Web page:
The Indian auto industry is by far the largest growing one in the world. With exponential growth over the last 3 decades, it has played a large role in the country’s economic growth. Yet, the last year has been tough for the market, with car sales showing a gross decline of 19.93% last month as compared to 2018 April.
Why the decline?
The continually increasing fuel price has been a matter of concern for budget-friendly buyers. Add to this the rising prices of new launches. A large segment of the car-buying public looks for fuel efficiency and value before going for a new car. When the car prices are higher and the running cost is also high, it acts as a deterrent. Add to it the fact that maintenance cost is on the rise and you have a solid reason why price-conscious Indians are not buying as many cars as they used to.
Changing Policies and Change in Government
Automotive policies directly impact buyers’ sentiment. At present, in addition to standard questions on loan interest, GST rates, price control, monsoon prediction, etc the added uncertainty of an election year worked to the detriment of the segment.
Implementation of the latest safety regulations has started in April this year in phases. All cars available for sale now are required to have ABS, seat belt warnings, speed warnings, reverse parking sensors by July 2019. New cars also have to face Bharat NCAP crash test safety principles by October this year and BS-IV emission norms by July 2020. That’s why most car manufacturers are either busy renovating their products or planning numerous launches meeting all standards. This has also played a role in potential buyers postponing their purchase decisions, waiting for brand new models.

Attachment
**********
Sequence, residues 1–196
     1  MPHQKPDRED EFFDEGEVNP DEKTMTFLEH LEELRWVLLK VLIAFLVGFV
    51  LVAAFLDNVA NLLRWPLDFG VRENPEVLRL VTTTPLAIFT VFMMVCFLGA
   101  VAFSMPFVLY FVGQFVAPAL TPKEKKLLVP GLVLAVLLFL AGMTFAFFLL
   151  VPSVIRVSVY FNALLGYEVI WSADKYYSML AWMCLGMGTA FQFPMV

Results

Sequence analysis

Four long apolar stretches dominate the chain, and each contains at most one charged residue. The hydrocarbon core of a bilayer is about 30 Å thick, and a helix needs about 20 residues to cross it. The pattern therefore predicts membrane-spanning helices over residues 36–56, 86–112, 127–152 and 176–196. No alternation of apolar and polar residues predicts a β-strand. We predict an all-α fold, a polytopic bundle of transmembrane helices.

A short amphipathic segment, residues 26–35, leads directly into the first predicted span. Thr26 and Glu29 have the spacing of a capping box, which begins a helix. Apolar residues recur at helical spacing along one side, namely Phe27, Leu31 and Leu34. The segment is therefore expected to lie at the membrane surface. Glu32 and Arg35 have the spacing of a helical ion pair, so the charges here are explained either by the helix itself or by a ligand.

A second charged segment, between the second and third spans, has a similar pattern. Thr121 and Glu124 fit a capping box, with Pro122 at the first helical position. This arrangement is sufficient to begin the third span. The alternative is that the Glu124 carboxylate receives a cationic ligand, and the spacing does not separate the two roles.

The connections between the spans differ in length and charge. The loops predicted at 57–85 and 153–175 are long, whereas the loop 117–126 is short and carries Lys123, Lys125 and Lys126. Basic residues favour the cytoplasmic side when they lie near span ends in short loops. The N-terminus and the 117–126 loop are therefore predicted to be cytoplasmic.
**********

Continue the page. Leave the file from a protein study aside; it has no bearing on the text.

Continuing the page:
Soaring Insurance costs
According to the modified automobile insurance norms from September 2018, a compulsory three-year third party insurance cover for new cars is to be furnished by all general insurance companies. As a result, with escalated on-road car prices, buyers are rethinking whether to buy their dream car.
Environment Consciousness Lessening Demand for Diesel Cars
The green awareness leading to the implementation of fresh BS-VI emission regulations has affected the economic viability of diesel negatively. Also, many markets in the country have minimized diesel vehicle registration as compared to their petrol counterparts. And a comparison of car and fuel price has led prospective purchasers to think twice before buying.
Easier Availability of Reliable Pre-Owned Cars
As online portals like Truebil that offer reliable and certified pre-owned cars at a fraction of the cost become more prevalent, the need to buy a new car is reducing for a large percentage of car buyers. They prefer to buy similar or higher models at a lower cost and use the rest of the money either as an investment for the future or for vacations and other leisure activities.
While more and more cars are being launched in the market, it’s imperative to delve deeper into the reasons behind the decline. After all, there’s not much point in making new cars if fewer and fewer people are actually buying them!